Wednesday, 24 May 2017

A game that no-one wins

It's been a tough day today, with the news coming in from Manchester.  It doesn't help when you've a teenage daughter who has tickets for a very similar concert in Belfast later in the year.  Just when we thought we'd got rid of all that nonsense in this part of the world, eh?  My thoughts are with the families of those murdered and injured.

This blog is not the place for politics.  I generally don't comment. But for some reason this one has got my dander up.  Let me say my piece and then no more.

In this part of the world we had 'The Troubles' where there were bombs going on and off for the best part of 30 years.  I'm lucky - I chose good parents.  I lived in a place that was relatively immune from it all.  And I'm stupid enough to realise I could have a very different outlook on life given different circumstances.

It's hard to make sense of anything these days, it really is - the more I read, the more I despair about the human condition.  Well, perhaps not the human condition per se, more so the way the world is going, I suppose.  I do see the struggle that certain communities have to survive and thrive in difficult environments and there are grass-roots movements which offer hope.  That, I think, is where the future lies, even if those voices aren't heard by the large part.  What I don't get - and never will - is the point where a person thinks that detonating a bomb in a place where innocent men, women and children are going about their daily business is a Good Thing.  For sure it gets people attention, but at what cost?

In this part of the world we have what is called the politics of 'What-about-ery'.  For every Bloody Sunday there is a Kingsmill.  Arguments dissolve into a 'He started it' slanging match and before you know it we're talking about events that happened hundreds of years ago.  What-about-ery is often used to justify anything, no matter how base a deed. It's a bloody game that no-one wins.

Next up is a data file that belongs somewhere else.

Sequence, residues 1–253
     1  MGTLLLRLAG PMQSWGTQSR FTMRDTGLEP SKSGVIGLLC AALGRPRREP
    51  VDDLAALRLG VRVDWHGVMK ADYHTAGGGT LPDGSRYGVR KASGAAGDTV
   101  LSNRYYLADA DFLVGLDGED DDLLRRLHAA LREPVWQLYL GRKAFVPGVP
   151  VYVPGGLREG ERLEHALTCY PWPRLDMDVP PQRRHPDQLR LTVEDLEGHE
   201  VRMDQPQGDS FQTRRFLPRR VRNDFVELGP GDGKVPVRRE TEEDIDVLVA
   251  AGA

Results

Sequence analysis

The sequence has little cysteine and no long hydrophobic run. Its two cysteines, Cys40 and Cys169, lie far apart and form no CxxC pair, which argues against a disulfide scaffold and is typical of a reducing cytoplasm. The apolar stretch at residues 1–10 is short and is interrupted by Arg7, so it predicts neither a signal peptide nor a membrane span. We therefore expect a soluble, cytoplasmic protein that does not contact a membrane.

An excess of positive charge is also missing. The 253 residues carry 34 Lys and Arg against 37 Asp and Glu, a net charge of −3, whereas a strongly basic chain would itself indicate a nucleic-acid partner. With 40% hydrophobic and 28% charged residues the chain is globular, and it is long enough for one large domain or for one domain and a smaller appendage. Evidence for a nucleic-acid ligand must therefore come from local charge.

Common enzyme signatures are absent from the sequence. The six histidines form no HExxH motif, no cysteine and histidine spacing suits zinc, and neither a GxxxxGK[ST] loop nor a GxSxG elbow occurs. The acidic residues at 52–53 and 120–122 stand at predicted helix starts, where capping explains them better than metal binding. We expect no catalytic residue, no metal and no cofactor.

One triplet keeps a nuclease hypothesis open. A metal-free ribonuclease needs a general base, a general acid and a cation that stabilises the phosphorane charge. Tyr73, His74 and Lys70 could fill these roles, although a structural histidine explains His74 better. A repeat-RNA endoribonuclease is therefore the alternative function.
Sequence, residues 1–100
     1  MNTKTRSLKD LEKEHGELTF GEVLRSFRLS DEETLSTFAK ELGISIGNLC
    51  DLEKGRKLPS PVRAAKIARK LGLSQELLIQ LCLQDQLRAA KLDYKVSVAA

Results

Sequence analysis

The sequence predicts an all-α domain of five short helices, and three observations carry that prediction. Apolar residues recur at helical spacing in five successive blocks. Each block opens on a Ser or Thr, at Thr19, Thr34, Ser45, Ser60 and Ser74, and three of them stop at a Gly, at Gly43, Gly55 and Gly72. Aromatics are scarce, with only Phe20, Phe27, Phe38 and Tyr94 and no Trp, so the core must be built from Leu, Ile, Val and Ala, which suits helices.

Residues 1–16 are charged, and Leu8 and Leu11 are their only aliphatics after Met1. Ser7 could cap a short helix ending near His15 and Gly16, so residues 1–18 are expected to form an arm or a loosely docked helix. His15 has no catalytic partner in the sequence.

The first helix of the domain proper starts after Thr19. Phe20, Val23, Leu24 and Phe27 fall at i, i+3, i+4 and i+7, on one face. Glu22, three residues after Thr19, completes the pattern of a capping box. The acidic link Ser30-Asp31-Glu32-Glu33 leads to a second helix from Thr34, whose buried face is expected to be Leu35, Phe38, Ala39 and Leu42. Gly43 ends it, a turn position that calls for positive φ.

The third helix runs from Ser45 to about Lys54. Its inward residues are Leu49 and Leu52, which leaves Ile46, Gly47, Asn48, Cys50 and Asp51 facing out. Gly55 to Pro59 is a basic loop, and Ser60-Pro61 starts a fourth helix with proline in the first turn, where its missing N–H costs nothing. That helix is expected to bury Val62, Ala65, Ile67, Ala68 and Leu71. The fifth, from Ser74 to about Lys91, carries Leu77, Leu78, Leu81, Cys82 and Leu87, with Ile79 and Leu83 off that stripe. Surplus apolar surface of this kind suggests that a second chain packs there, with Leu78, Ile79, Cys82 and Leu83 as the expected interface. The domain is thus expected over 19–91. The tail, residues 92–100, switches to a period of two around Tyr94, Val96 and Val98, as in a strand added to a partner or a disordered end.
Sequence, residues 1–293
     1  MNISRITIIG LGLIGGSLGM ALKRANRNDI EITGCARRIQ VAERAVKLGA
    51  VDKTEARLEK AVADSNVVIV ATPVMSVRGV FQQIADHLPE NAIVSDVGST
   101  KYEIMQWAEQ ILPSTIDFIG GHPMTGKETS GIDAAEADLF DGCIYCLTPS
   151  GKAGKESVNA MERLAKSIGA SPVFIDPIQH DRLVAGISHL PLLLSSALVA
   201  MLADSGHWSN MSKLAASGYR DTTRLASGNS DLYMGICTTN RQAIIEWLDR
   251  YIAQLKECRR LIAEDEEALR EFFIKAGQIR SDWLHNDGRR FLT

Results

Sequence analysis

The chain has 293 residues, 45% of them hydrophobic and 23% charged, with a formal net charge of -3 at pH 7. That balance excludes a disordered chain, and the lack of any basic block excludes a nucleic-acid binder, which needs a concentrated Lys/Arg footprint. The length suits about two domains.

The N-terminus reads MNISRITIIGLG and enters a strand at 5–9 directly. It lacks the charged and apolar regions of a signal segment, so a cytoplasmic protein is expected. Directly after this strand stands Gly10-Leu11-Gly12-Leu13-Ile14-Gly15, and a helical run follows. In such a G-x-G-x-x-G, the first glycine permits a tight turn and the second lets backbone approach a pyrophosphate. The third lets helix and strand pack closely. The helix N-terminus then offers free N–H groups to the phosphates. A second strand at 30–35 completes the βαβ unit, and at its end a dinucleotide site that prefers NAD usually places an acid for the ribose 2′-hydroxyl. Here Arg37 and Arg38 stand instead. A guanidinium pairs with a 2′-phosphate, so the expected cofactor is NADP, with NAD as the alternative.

But you didn't come here for this.  Life must go on - 'tis the nature of the thing.  As trivial as it seems, here we go - back to the usual photographic observations on the state of play in the North East Liberties of Coleraine in May of 2017.

The symmetry of these two parked up on Portstewart Prom last week caught my eye:

Notice the flashy new chromed railings and the new pavement, part of a large refurb last year.  I like the railings - they should be good for lines and that.  We've got fancy new LED street lights as well, but Mother doesn't like them.  I don't either - they're dark in colour and keep getting in the background of me snaps and standing out like a sort thumb - like in this one of Missy here from a few days ago.

Taken on the 'Blad/50mm combo.  I cropped it, just to see:

Not sure which I prefer.  I might try a lith print next, just to inject some, well, lithiness to it. You never know...


  1. First of all I can't even express the sorrow and pain that went through my mind when I first heard of that absolutely unbelievable story from Manchester, and my thoughts has been with all of you over here the last few days.
    Been trying my best to follow the news to keep myself a bit updated on everything, and find it harder and harder to actually understand all the things going on beneath the surface of the things we see every day.
    I will not go into the politics of it either, but I think you say it pretty well in the headline; it's for sure a game that no-one will ever win, no matter where they stand in this.
    But 'nuff said of the matters, and crossing fingers that our men on the streets will be on top of the things and smoke out the bad guys from wherever they hide, sooner rather than later.

    You snaps, brilliant and beautiful as always, are really speaking to me these days. I love bikes, you know. Excellent prints my friend, and now I'm just waiting for a great lith interpretation of the scene.
    Stay safe, my friend, and hope to see you some day soon.

    1. Cheers Roy - appreciated your comments! I got a little lithy yesterday in the darkroom but clean forgot about this one. Maybe next time... :)

  2. I think we all know that humanity can always be better than it is, and we are always deeply shocked to learn just how close to barbarism we always are.

    1. Very true, Jim. Thankfully there are a lot more good deeds done in the world (and people) than bad ones.